Court pursuant to 28 U.S.C. § 1441(b). In its removal notice, INA asserted that co-defendant Diversified consented to the removal, Notice of Removal P 2; Diversified later filed notice that it did not, in fact, consent. According to INA, removal is proper because Robco's complaint "relates to a welfare plan under the terms and conditions of the Employee Retirement Income Security Act (ERISA), 29 U.S.C. § 1001 et seq." Notice of Removal P 3. Following removal, Robco filed a motion to remand, to which INA is opposed, and Diversified filed notice that it would not respond to the motion to remand.
II. Diversified's Lack of Consent to Removal
The removal statute requires that a "defendant or defendants desiring to remove any civil action" shall file a notice of removal "signed pursuant to Rule 11 of the Federal Rules of Civil Procedure . . . ." 28 U.S.C. § 1446(a). INA indicated in its Notice of Removal filed November 23, 1993 that Diversified had consented to removal. Notice of Removal P 2. But Diversified later filed a "Notice of Lack of Consent for Removal" on December 21, 1993.
The removal statute has been interpreted to mean, as Robco correctly points out, that multi-defendant removal is only proper, absent exceptions not relevant here, if all defendants consent to the removal. Lewis v. Rego Co., 757 F.2d 66, 68 (3d Cir. 1985); Collins v. American Red Cross, 724 F. Supp. 353, 359-60 (E.D. Pa. 1989); 1A James W. Moore, Moore's Federal Practice P 0.168 (2d ed. 1987). If removal was improper, then this Court lacks subject matter jurisdiction and must dismiss the case pursuant to 28 U.S.C. § 1447(c). We find that Diversified's lack of consent to INA's removal renders the notice of removal deficient ab initio, and we therefore must grant the motion to remand for lack of subject matter jurisdiction.
In limited situations, we may permit a notice of removal to be amended to cure a jurisdictional defect. 28 U.S.C. § 1653; Getty Oil Corp. v. Insurance Co. of North America, 841 F.2d 1254, 1262 (5th Cir. 1988). But cure is not appropriate in this case: Diversified has specifically declined to consent to INA's removal. And as explained in some detail below, we would have remanded to the state court even if removal had been proper because we find neither complete preemption nor a well-pleaded ERISA-cognizable claim.
III. The Well-pleaded Complaint Rule and Complete Preemption
In addition to its no-consent argument in support of remand, Robco asserts two other arguments. First, it argues that the action is not removable because its well-pleaded complaint does not raise a federal question. Second, it urges that its claims are not preempted by ERISA.
Where removal is properly effected, we have subject matter jurisdiction pursuant to 28 U.S.C. § 1441, which provides that "any civil action of which the district courts have original jurisdiction founded on a claim or right arising under" federal law is removable by a defendant or defendants to the district court. Id. § 1441(b). Thus removal is proper where the state-court action was one which could have originally been brought in a federal district court. (In diversity cases, citizen-defendants of course cannot remove. 28 U.S.C. § 1441(b).) Thus, removal is proper if Robco's well-pleaded complaint either (1) raises a federal question, or (2) asserts claims that are completely preempted by Congress.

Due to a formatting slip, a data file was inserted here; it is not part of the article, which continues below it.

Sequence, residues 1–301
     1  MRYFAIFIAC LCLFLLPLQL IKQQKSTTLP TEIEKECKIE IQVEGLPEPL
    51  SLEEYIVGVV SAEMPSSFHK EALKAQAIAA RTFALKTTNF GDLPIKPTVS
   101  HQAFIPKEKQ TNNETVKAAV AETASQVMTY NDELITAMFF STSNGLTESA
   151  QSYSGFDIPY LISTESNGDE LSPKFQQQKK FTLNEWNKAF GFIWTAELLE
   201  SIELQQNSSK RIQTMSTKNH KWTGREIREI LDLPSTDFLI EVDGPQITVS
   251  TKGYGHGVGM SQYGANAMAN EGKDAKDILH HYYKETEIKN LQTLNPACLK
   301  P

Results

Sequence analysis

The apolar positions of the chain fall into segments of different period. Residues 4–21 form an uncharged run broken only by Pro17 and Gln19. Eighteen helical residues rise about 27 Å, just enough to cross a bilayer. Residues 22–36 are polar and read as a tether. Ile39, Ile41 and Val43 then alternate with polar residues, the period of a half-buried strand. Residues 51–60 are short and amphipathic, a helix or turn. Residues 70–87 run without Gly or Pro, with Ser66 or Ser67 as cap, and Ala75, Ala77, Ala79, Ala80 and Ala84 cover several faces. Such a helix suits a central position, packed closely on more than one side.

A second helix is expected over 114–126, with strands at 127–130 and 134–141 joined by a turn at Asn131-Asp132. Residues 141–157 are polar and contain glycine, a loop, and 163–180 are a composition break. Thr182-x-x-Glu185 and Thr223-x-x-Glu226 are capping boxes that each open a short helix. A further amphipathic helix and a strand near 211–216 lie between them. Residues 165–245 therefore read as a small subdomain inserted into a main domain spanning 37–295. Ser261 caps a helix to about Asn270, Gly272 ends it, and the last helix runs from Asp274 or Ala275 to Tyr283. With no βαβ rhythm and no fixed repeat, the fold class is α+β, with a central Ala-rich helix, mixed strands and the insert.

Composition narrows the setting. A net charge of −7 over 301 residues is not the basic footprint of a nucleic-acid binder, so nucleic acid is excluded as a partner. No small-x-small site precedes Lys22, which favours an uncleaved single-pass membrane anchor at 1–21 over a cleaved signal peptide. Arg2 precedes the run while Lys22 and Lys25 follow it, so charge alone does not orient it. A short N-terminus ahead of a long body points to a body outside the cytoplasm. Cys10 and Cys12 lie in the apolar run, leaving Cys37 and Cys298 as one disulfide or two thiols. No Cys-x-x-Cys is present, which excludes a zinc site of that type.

As is well-known, application of the well-pleaded complaint rule determines whether a complaint asserts a federal cause of action. Metropolitan Life Ins. Co. v. Taylor, 481 U.S. 58, 95 L. Ed. 2d 55, 107 S. Ct. 1542 (1987); Allstate Ins. Co. v. 65 Security Plan, 879 F.2d 90, 93 (3d Cir. 1989). Only complaints that facially present a federal question are removable under the well-pleaded complaint rule, and a complaint facially presents a federal question only if it "affirmatively relies on federal law." Allstate, 879 F.2d at 93.
Robco contends that its claims do not rely on federal law because they are brought pursuant to Pennsylvania laws of common-law contract and statutory insurer bad faith under 42 Pa.C.S.A. § 8371, and therefore its well-pleaded complaint raises no federal question. INA counters that Robco's complaint "relates to" an employee benefit plan and therefore raises federal-question jurisdiction pursuant to 28 U.S.C. § 1331. We summarily reject INA's argument because it merely raises preemption as a federal defense, which cannot be the basis for removal. Caterpillar, Inc. v. Williams, 482 U.S. 386, 96 L. Ed. 2d 318, 107 S. Ct. 2425 (1987); Allstate, 879 F.2d at 93.
A corollary to the well-pleaded complaint rule is the "complete preemption doctrine." Allstate, 879 F.2d at 93. Under this doctrine, "Congress may so completely pre-empt a particular area, that any civil complaint raising this select group of claims is necessarily federal in character." Metropolitan, 481 U.S. at 62. In the United States Court of Appeals for the Third Circuit, complete preemption only may be found
when two circumstances are present:  when the enforcement provisions of a federal statute create a federal cause of action vindicating the same interest that the plaintiff's cause of action seeks to vindicate and  when there is affirmative evidence of congressional intent to permit removal despite the plaintiff's exclusive reliance on state law.